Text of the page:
“I’m feeling frustrated.”

Many clients come to me feeling frustrated. So let’s look at what frustration is and how to deal with it.


Frustration is the emotion we feel when we fail to achieve our goal. We feel frustrated when something is not as we would like it to be. The more important the goal was, the more frustration we feel.

You thought, for example, that at 40 you would have a successful business, a house in front of the beach and two children. You are approaching forty and you have a job that you don’t enjoy, you don’t even have a partner, and you live in a small apartment in the city. This would be an example of a larger life frustration. However, we can encounter minor frustrations every day. Many parents are frustrated on a daily basis because they expect a certain behavior from their children, and they behave completely differently. Feelings of helplessness quite often come with frustration.

I recently watched a lecture by Dr. Gordon Neufeld, an American professor, who presented the Traffic Circle Model. In his model, frustration leads to three outcomes: change, adaptation, or aggression.

Emotions have a very important function. In Latin they are called motus, which means movement. As the word suggests, the function of emotions is to get us moving. Negative emotions tell us that something is wrong and that something needs to be done about it before it’s too late. There are two options. The first is CHANGE, either of the outside world or of our behavior. The second option is ADAPTATION, when we cannot change the external world, we have to change the internal one, the way we perceive the world and adapt.


So what should we do to help frustration fulfill its function?

  1. The first step we need to take is to admit that we are frustrated and allow ourselves to feel SAD. “I understand. I’m frustrated. I can’t go on like this.” And that’s the truth. Frustration is not a disease, it wants to tell us that something is wrong. Only when we allow ourselves to be sad can we move. If we don’t allow ourselves to be sad, there is a high chance that we will lash out. “I’m sorry I don’t have a job that brings me joy.” “I’m sorry I don’t have a partner.” “I’m sorry my daughter screams.”
  1. The second step, after we have allowed ourselves to feel sad, is to rationally analyze the situation. WHAT CAN I CHANGE? How can I change the outside world and how can I change my behavior? Coaching is an excellent tool for this step, it will help identify points for improvement, set goals, create an action plan to achieve these goals step by step and start moving. I’m not happy at work, so I can start looking for another one. I always wanted to run a business. So what do I need to start the business? What can I do to stop my child from yelling at me again?
  1. The third step is to realize: WHAT CAN I NOT CHANGE AND MUST ACCEPT? We are not omnipotent, there are things in life that we have no control over and we just have to accept them as they are. The fact that someone close to us died and we wanted them to see our children grow up and they don’t is something we can’t change. We have to accept it. The fact that our partner decided to cheat on us is beyond our control, it was their decision. The fact that our boss doesn’t treat us nicely is his behavior, which I can’t influence either. The more we try to change something we cannot change, the more frustrated we become. Accepting that we are not omnipotent, and that there are simply things we cannot change and just have to accept, is one of the hardest things to do in self-development, but we will talk more about that in another article.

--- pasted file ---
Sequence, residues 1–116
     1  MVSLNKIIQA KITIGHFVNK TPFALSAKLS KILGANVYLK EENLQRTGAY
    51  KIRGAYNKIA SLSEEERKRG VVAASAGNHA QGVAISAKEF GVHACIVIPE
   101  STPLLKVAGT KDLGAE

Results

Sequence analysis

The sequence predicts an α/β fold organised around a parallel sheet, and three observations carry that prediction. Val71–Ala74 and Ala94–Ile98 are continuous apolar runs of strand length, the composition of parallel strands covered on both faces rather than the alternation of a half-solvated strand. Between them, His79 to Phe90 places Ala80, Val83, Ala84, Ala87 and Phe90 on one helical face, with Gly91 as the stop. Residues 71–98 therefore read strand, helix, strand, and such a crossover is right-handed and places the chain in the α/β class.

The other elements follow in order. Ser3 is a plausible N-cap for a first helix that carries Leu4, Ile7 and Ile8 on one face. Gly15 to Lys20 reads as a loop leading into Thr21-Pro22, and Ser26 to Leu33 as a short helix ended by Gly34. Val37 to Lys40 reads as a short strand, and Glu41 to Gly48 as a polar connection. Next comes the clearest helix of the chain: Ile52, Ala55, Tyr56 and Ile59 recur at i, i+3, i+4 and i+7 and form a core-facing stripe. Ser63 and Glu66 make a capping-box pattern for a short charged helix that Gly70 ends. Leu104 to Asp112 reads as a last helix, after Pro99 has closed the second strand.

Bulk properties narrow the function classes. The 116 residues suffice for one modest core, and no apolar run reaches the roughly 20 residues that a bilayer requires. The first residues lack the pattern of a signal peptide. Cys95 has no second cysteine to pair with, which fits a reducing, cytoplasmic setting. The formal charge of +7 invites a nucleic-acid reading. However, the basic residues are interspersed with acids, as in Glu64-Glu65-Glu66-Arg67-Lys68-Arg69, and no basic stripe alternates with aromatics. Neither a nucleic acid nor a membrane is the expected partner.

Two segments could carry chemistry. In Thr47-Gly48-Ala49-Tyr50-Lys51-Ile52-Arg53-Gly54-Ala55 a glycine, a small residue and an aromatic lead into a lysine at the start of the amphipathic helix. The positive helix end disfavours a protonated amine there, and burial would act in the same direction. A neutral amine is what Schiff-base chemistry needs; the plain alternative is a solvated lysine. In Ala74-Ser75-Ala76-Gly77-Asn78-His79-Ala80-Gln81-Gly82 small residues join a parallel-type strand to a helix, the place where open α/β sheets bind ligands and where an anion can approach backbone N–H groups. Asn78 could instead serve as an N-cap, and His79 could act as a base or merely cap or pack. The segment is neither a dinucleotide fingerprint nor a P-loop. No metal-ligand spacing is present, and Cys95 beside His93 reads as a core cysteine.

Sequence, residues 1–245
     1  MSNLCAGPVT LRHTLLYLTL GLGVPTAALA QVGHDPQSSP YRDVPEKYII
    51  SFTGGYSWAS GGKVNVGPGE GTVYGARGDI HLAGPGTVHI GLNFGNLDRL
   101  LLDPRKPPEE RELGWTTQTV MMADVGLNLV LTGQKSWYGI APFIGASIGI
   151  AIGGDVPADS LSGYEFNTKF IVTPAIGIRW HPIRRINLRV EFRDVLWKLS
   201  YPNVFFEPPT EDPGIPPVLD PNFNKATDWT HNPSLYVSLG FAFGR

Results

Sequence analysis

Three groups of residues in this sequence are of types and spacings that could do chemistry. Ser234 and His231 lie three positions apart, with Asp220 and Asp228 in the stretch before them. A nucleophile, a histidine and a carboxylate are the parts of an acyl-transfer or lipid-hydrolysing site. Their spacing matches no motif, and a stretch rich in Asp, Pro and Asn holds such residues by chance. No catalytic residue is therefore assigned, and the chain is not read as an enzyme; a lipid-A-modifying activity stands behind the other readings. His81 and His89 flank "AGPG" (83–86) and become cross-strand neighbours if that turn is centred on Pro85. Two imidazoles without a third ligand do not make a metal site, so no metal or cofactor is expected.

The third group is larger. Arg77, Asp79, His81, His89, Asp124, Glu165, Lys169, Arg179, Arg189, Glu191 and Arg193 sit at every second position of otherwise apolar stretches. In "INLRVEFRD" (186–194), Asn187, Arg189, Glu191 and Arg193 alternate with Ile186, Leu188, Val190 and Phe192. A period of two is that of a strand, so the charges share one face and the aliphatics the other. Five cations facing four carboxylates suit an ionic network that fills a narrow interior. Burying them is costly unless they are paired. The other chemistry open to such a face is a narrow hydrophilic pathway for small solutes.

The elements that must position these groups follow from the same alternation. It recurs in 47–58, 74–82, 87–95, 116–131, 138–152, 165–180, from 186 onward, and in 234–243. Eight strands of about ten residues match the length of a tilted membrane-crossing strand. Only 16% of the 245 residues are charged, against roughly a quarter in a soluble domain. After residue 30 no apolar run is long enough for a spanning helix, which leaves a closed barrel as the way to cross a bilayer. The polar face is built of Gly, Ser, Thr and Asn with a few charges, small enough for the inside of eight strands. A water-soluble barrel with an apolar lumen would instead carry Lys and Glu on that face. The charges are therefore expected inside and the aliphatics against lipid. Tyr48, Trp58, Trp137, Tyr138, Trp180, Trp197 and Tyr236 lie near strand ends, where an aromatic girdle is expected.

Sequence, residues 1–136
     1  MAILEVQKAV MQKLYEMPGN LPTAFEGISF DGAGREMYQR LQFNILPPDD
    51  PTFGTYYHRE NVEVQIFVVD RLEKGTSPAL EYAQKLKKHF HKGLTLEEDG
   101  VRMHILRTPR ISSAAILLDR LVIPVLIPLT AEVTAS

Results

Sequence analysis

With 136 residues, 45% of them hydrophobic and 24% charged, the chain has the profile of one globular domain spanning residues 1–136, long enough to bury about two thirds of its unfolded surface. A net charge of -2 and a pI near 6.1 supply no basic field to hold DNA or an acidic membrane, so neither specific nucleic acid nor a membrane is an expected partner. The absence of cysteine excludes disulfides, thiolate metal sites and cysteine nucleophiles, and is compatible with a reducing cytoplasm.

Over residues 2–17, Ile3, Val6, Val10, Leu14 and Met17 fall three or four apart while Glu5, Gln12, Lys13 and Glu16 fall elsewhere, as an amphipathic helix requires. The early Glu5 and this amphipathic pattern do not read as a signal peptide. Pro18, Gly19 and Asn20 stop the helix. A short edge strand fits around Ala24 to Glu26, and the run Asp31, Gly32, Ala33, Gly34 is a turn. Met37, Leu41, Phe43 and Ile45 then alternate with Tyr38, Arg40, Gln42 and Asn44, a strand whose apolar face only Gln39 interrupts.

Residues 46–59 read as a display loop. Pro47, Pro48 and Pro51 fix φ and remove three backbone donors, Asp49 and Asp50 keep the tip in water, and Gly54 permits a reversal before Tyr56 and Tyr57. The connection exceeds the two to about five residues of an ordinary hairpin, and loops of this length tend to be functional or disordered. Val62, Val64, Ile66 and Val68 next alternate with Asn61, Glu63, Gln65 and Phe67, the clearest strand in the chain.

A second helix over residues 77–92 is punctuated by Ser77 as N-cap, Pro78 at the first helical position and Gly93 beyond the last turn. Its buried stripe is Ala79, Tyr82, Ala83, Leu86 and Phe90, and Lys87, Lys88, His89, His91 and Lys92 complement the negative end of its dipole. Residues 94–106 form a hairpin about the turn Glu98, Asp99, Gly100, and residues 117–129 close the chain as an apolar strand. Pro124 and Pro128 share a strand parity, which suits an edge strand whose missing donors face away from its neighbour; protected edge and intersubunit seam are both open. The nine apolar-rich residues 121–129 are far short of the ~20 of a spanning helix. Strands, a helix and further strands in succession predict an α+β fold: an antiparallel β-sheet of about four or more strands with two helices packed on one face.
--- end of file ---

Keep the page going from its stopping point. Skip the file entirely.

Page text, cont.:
But what happens when we don’t admit that we’re frustrated, don’t allow ourselves to feel sad, and thus don’t make the appropriate changes or don’t accept what we can’t change? Think of the energy of this emotion as a volcano that is contained and will eventually erupt. It will bubble up inside of us for so long that we finally ATTACK. This suppressed energy turns into sarcasm, aggressive gestures, shouting, unpleasant voice, retorts, impatience, anger, cursing, physical assault, or even in extreme cases suicidal thoughts.

The world has changed a lot lately and it pressures us to be happy 24/7 and if we’re not, we’re weird. Social media creates the illusion that everyone is happy and content, having the life they wanted, but not me. “Everyone has achieved their goals but not me.” And even if you consciously know that this is not true, it still subconsciously affects you and creates a certain frustration. Just recently I had a lady reach out to me saying she has an anxiety crisis, if you look at her Instagram she looks like the happiest person in the world.

There is nothing worse than suppressing feelings of frustration or blaming yourself. We can no longer change the past, what we can change is our future so that in another ten years we don’t wake up again with the frustration that we are not where we wanted to be.

If you feel frustrated, definitely contact me, I will be happy to help you with this. You can schedule a free online coaching session here.

I highly recommend watching the 20-minute lecture Neufeld’s Traffic Circle Model of Frustration and the panel discussion after the lecture.

Author of the article: Pavla Belostikova, MSc, certified coach and expert on decision making a positive psychology.